Think of the last time you had a poor customer service experience. Perhaps it was at the grocery store, at an airport, or in a telephone conversation. Recall your frustration in trying to have your concerns heard, then acted upon to your satisfaction. Get back into that mental state of frustration and think about what it would have taken to turn around the situation. There usually is something that someone could have said or done to make it alright.
As customers, we don’t want to be unhappy. We want to find suppliers and vendors we can use with confidence, over and over again. We are looking to be loyal.
Next, recall an exceptional customer service experience—one where they got it just right! What made that experience so positive? Odds are you’re thinking: they listened to me, they were honest with me, they acted like they truly cared, they took decisive and timely action, they made me feel appreciated, they made me feel special.
The bottom line in outstanding customer service—including those excellent examples of winning us back after a messy situation—is that we are left feeling special. Never mind that there are over seven billion of us on the planet. We don’t want to hear that we are the fortieth customer who has called in with the same complaint today; we want to feel that our complaint is special and that the person handling it is committed to our complete satisfaction—whatever that may look like.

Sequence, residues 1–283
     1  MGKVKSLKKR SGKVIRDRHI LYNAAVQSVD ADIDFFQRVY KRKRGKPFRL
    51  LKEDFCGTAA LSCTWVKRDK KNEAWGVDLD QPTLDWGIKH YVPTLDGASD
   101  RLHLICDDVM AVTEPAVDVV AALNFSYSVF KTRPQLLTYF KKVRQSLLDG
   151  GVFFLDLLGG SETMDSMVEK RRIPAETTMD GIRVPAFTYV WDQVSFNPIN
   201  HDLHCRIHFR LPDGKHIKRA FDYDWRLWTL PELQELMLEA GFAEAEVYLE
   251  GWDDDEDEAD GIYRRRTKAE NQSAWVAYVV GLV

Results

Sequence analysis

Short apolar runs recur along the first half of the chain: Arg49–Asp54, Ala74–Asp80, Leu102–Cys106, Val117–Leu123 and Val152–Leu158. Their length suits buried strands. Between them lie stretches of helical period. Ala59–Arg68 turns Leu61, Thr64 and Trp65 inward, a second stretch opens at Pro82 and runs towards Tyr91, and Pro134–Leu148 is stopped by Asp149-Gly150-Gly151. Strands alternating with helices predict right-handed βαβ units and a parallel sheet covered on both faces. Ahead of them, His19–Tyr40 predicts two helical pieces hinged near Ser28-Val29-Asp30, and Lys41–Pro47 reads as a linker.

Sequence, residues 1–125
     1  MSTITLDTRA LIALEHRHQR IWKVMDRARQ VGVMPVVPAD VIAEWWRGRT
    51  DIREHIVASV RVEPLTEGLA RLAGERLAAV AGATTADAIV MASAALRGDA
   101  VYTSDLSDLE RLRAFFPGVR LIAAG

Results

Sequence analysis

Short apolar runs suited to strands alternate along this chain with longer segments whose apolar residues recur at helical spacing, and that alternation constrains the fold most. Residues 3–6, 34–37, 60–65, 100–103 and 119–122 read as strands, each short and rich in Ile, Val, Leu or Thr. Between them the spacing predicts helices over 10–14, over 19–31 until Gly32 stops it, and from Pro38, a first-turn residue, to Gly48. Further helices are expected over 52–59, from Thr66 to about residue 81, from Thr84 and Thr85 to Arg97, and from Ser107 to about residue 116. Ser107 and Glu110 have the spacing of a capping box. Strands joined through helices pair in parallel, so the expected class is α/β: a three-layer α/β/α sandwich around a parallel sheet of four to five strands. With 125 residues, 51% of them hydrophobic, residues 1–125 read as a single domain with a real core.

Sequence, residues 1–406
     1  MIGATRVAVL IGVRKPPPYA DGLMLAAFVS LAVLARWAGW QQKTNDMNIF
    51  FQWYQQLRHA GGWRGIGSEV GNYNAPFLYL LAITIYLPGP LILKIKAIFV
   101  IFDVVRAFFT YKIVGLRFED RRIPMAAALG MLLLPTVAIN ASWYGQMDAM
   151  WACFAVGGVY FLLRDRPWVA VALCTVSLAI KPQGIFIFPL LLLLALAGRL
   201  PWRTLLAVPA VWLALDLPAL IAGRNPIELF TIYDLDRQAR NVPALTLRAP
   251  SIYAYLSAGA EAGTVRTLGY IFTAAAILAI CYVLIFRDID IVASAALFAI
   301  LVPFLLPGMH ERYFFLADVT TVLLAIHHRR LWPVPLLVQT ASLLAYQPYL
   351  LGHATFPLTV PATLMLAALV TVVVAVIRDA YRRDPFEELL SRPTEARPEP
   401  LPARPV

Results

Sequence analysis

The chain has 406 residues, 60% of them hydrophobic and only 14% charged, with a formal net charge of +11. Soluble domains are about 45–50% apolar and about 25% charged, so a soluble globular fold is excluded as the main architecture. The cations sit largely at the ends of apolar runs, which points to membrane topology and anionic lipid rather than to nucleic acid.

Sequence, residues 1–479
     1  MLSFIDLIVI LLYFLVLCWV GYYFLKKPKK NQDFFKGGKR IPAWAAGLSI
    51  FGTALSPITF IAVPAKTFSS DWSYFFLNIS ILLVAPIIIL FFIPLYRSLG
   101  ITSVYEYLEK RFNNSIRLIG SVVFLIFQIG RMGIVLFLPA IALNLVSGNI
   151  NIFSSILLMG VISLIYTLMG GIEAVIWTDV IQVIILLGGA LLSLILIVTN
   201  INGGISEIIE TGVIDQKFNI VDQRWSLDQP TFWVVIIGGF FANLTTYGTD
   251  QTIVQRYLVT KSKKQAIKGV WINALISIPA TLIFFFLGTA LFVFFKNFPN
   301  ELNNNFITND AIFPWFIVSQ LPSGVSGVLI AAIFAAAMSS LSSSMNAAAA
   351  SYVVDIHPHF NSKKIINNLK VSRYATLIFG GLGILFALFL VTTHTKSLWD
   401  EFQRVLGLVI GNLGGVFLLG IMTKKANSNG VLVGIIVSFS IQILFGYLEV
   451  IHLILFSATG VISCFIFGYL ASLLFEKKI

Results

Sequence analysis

It’s no different with our donors. We’ve got to let them know from the very first contact that they are special to us—not just a number or name on a mailing list.
Are you taking the time to truly listen to your donors and to treat them with the dignity and respect you expect as a loyal customer?
For tips on how to deeply engage individuals in the broader community who can in turn engage others and perhaps become your next board members, register for my upcoming Bloomerang webinar!